By the time you’re reading this, the ID: Invaded preview will have run out, but never fear – it’ll be back in 2020.
Funimation had a preview for ID: Invaded and lemme tell you…
aside from being able to “see the future” and realise it still looks far too much like the present (again)…
…ID: Invaded is basically really, really up my alley.
Not only is it a murder mystery (which is already appealing to the part of me that still has an allegiance to Detective Conan), it turns out it presents itself in a way that instantly commands your attention and doesn’t let go, by revealing its plot elements as Sakaido or the team controlling him finds them out.
Now, hang on: our protagonist’s name is a lot deeper than you might think. “Sakaido” (酒井戸) is an alias and I assume it plays into the “id” wordplay they point out in the preview – that ID (identity), id (as how Freud used it) and i (井)/ido (井戸) = well (for water) can all be used for wordplay in just two or three letters. This also, I guess, plays into the idea a “well” is what you call a container for stuff in science as…well (LOL, unintentional pun).
“Kaeru” is also an alias and it can mean “frog” or “return” – I’d assume the usage of the latter was intended, but the former is (potentially?) why Sakaido has green eyes.
It’s due to this that a lot of this show is still unclear, including the significance of the “original creator” credit, “The Detectives United”, and you never quite know what the truth is until you see the world of the unconscious start being reflected in real life (or, as much “real life” as can be done in an anime, anyway).
As you can see from the explanations above, the show is also fond of its wordplay, so it’s good to stay vigilant in case a clue or two comes up. Notably, looking closely at the car licence plates reveals the story is set in Shinagawa, so it’ll be interesting to see if anyone can match up locations from the show to ones in real life…our real life, not ID: Invaded‘s. (I’ll leave that job up to you guys in 2020.)
As for the mystery itself, it’s presented like 18if in that the detective – Sakaido – investigates different “mind worlds”. The main one is presented as a segmented world where things float around in nothingness and blue squares can be seen on missing parts of the body (such as Sakaido’s elbow and arm). It’s a really cool way of presentation, especially when Sakaido exploits it (by making like Luffy) to open doors and discover he’s part of a locked-room mystery where nothing is what it seems to be.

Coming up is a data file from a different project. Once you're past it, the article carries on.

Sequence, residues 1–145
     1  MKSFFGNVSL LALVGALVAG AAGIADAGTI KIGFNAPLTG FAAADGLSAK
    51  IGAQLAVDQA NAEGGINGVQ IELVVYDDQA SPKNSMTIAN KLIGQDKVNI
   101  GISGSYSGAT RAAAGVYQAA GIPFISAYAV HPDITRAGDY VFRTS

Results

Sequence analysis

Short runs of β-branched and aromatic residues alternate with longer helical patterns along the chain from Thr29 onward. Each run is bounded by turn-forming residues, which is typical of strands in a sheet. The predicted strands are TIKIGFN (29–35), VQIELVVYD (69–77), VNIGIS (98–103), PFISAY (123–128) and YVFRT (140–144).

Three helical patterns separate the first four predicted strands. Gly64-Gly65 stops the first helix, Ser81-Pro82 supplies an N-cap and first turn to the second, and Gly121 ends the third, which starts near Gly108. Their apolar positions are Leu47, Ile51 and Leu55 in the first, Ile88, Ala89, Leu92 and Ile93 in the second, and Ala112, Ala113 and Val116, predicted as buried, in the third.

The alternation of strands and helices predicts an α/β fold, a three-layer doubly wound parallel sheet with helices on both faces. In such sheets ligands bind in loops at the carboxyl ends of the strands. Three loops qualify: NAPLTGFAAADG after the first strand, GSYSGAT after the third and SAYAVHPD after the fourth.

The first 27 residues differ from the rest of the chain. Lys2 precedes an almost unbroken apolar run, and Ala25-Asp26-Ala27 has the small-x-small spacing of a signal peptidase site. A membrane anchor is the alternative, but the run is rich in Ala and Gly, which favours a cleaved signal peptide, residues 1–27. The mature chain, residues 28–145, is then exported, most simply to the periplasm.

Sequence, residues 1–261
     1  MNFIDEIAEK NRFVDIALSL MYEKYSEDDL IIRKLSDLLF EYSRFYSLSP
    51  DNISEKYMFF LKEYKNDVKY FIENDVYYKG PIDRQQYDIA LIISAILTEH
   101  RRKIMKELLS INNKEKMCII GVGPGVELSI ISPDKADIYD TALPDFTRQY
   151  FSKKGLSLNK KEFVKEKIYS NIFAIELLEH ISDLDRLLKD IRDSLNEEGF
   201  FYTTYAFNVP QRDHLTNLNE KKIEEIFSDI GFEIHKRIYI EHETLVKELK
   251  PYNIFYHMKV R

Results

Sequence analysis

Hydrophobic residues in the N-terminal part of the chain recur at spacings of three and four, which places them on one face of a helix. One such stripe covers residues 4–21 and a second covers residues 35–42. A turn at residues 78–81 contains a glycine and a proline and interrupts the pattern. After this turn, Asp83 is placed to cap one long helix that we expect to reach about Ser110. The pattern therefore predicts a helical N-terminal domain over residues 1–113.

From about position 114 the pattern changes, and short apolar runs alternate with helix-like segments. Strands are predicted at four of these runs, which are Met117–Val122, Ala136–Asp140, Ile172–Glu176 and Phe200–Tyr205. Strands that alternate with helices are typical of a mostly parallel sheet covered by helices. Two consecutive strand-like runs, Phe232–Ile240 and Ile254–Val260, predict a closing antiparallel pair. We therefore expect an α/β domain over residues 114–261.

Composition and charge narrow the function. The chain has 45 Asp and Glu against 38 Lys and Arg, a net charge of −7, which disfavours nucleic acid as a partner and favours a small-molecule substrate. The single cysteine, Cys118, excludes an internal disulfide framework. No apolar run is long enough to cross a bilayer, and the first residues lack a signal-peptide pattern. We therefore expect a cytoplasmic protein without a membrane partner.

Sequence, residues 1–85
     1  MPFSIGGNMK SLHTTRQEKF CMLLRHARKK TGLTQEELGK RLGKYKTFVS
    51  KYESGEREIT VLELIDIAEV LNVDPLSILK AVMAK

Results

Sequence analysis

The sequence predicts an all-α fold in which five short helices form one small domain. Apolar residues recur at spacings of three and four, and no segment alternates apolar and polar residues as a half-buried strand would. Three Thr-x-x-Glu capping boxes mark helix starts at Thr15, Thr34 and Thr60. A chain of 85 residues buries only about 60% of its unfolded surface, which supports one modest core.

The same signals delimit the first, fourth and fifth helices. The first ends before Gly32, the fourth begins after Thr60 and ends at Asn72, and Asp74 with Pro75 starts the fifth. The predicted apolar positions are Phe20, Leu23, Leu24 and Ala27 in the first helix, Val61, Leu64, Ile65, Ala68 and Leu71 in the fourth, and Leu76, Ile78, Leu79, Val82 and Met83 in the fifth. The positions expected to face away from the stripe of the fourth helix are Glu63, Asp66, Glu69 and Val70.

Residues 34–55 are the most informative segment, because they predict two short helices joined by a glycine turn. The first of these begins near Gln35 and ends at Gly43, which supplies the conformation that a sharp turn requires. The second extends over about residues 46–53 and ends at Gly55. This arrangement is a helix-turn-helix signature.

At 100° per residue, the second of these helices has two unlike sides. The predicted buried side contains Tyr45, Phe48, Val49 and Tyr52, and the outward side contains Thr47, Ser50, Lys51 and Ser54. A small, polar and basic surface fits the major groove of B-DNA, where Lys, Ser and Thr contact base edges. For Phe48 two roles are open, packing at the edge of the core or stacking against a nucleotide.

(Very Long) Sidebar: I noticed the code that the backup team (Momoki and co.) – presumably police or something similar – was some kind of Windows code (due to the designated hard drive being the common C:/) – I’ll take a stab in the dark and say it’s in the programming language C, which Windows computers are coded in. Meanwhile, Hayaseura seems to use a Mac, based on his GUI (graphical user interface) having that silver appearance and the green/orange/red icons in the top left corner of the window.
…I don’t think I’ve ever mentioned it, but in my simulcast commentaries, if I get a look at someone’s phone or other device screen in an anime, I’ll try to guess what it’s running on (as in the operating system…and sometimes you can accurately guess the rough time period the anime was made based on the technology, since the tech/terms for the tech date the work). Likewise, if code comes up and I recognise what language it is from having used it before (or having googled it), then I’ll say it there too.
Of course, I’m not going to reveal all the secrets of the show in case you missed it. So, have I piqued your interest if you’re waiting for 2020 to watch it? What were your impressions regarding ID: Invaded if you caught it? (No spoilers for the unspoilt, though!)
Oh, I never really knew what the plot of this was about but you made this go from “I’m just really curious” to “MY JAM”. The images reminded me of GANTZ but I’m glad it’s more mystery than what that leans towards (though I really want a good adaptation of GANTZ in full). Anyhow, I’ve been playing through AI: The Somnium Files, and this seems to be in the same vein, which is great. Thanks for the showcase submission and I can’t wait to give this show a try soon 🙂
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Haven’t seen Gantz (it did appear on my regional streaming service recently, though, so I can watch it) and haven’t played AI, but I’m glad you liked the post.
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